When I’m on the computer, I’ll always have my current writing project up, as well as the Internet and whatever else I could possibly work on (a blog post, email, etc). This certainly isn’t the best strategy for time management, but it’s a habit. Naturally, before I start writing, or when I’m stuck, I’ll end up on the Internet, and something will remind me of someone else, and then they’ll be there on the computer with me. And when they’re with me, I’ll have difficulty shutting them out and going back to writing–especially if I’m writing an emotional, personal scene. It’s kind of like someone is watching you write over your shoulder, which is never pleasant. Some fun dialogue scenes I can write, but it’s those serious emotional moments that are based on aspects of my personal life–situations that these people who are “with” me may have been involved with–which are difficult to focus on and just write.

I haven’t kicked this habit quite yet, but the upcoming weeks for me are a little busy, so I think I’ll be able to schedule specific times to work on specific things, which should increase productivity and concentration and allow me to immerse myself in my story.

When the words just flow…

After struggling on and off this summer, I’ve finally hit a groove and I’m really enjoying and am excited about writing. I also finally hit about 50,000 words on my project**, which makes it an offical “novel,” even though I’m currently adding and rearranging more than writing linerally, which also means that some written scenes will probably be reworked or deleted.

Nevertheless, last night I went to bed thinking about how I was potentially so close to being done with the rough draft, and how I could send it to my friends for a first read (after I just read through it again and insert ir change some things I want to make it consistent, as some of my ideas changed halfway through, and some minor characters don’t have names). It was such an exciting feeling, especially as I’ve poured so much of myself into this story.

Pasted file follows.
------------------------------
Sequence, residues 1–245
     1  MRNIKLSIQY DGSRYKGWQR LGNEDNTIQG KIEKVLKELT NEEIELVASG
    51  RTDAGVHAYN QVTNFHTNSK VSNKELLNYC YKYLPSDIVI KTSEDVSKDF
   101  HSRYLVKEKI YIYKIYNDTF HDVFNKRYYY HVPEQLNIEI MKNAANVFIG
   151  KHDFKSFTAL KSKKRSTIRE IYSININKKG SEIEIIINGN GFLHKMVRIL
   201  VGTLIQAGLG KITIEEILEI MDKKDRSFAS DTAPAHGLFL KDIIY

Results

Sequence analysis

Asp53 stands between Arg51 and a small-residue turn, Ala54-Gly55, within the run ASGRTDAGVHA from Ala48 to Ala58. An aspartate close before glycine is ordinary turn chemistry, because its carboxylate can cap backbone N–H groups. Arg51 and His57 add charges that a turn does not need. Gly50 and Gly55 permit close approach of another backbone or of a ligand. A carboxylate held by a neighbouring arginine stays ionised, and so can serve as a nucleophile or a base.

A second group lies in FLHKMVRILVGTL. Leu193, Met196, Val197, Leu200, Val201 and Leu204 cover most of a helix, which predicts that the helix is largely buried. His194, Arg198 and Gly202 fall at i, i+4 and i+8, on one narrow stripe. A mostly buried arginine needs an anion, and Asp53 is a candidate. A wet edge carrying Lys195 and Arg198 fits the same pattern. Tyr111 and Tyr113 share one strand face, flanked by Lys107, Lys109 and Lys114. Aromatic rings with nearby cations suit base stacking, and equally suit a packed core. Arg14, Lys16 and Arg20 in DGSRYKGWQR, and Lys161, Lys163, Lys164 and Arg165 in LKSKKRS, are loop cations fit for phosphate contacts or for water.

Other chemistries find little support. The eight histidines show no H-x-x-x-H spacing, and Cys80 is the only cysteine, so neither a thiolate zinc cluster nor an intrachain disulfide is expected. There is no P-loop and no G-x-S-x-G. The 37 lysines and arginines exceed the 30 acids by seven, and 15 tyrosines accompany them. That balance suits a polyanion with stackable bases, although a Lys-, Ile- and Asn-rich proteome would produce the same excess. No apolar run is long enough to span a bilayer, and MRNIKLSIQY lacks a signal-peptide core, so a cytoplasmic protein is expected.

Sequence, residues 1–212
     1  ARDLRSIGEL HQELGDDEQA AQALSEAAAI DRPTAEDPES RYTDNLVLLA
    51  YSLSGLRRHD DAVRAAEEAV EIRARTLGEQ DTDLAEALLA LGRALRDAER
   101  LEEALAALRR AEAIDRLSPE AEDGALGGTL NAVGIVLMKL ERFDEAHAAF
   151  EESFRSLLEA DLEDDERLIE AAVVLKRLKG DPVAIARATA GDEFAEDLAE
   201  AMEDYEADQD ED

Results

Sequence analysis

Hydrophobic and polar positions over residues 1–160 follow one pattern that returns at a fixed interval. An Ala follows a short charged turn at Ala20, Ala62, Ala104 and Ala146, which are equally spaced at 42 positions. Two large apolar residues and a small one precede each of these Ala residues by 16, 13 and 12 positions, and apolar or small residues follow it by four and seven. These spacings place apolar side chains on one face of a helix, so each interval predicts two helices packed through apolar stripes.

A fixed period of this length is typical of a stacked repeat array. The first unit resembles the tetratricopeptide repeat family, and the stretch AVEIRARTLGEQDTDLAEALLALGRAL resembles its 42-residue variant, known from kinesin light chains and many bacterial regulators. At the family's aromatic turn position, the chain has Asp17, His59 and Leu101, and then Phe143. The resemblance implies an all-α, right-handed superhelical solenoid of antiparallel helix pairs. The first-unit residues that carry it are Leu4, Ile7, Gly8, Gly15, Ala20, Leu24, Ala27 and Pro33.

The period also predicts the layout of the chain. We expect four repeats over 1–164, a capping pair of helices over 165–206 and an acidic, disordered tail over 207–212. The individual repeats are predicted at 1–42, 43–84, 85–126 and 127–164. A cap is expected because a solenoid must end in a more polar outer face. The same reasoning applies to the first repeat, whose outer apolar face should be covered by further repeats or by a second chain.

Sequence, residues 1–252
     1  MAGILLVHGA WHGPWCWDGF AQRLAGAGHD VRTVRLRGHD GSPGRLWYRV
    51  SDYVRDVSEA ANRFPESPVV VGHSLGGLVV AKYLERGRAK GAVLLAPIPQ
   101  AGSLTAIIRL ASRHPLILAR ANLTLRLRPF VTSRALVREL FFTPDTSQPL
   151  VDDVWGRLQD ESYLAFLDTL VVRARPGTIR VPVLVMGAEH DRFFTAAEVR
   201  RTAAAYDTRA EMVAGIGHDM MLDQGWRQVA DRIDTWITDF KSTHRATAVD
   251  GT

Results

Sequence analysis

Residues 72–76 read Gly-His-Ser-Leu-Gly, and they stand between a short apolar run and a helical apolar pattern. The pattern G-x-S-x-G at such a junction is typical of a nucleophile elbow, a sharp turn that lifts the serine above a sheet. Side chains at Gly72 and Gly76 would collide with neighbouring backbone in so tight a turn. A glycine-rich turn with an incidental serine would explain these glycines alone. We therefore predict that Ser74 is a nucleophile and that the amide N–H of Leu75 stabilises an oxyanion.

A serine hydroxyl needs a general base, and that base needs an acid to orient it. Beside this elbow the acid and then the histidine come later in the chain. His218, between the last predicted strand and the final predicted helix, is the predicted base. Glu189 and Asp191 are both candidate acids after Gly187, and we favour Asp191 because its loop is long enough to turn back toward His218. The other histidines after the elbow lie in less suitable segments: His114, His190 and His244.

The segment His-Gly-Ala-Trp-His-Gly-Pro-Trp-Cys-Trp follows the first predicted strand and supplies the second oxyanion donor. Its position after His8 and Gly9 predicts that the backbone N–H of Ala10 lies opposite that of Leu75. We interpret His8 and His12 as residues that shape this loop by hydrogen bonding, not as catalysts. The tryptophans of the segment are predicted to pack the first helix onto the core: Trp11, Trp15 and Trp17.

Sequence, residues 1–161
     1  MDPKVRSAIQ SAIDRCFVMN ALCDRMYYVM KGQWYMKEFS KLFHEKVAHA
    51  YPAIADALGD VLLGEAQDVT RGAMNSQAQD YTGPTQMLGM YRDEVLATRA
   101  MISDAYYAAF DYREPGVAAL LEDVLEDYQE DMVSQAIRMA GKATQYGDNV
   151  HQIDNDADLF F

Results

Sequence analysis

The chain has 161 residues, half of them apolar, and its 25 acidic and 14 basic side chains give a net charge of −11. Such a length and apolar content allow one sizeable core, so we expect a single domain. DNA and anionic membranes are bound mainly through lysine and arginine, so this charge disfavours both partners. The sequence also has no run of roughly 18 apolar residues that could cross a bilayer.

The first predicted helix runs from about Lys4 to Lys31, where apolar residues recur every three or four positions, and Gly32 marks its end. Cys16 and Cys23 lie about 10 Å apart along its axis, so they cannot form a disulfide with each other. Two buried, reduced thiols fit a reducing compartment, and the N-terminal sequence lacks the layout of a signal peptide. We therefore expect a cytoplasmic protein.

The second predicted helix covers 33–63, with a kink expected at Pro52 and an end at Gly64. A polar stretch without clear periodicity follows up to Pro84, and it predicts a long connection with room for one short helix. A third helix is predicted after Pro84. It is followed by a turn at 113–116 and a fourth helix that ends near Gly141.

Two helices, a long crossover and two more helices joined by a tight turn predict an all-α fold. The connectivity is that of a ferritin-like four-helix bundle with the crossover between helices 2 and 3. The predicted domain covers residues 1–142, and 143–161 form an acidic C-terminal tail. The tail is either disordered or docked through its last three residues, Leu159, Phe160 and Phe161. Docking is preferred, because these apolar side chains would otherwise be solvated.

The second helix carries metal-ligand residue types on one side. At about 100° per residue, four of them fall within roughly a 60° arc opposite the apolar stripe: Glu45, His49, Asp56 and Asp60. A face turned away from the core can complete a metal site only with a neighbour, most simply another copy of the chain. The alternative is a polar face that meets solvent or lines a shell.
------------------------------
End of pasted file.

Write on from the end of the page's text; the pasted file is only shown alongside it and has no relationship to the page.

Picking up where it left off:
My struggle with this book–which I’ve been working on for a year and a half–was that I wasn’t advanced enough for it. It’s middle grade, but that meant I needed to keep it accessible and plot-driven enough to keep my audience reading while also telling a character-driven story. I originally began with some magical realism, but then I began rethinking that. Then I wondered if I needed to reshape what I had written all along a more higher-stakes plot. Whenever I got stuck, I would often put it away and move to another project with more momentum. Sometimes, I stepped away from it because the subject matter was often so personal. But I always returned.

This summer I planned on taking what I had and making a chart from which I could then add or rearrange, still thinking I would have a more dramatic plot. Instead, I found I rather liked what I had, more than I’d thought. I came up with more ideas that I liked much better, and I’ve now been working on adding them, and then using that additional background, I’ll move forward. There were only a couple of chapters left, after all.

I’ve still got a lot to figure out, but the idea of working from a draft than from ideas that aren’t on paper is so relieving. I’ve started many projects, but I’ve honestly only finished one book before, and that one was very different (fantasy, 90,000 words) and I was 12. (I did reach 50k on the sequel, but I never go further with other projects because I kept editing that first one, until I realized it just wasn’t what I wanted anymore.) It’s yet another component to this new stage in my life, and like college and being more independent and meeting new friends and finding new opportunities, I’m happy.

**It’s a middle grade realistic novel. It’s broadly about middle schoolers figuring out who they are and who they want to be, perfectionism, mental health, friendship, and how stories and characters as well as the Internet shape our view of the world.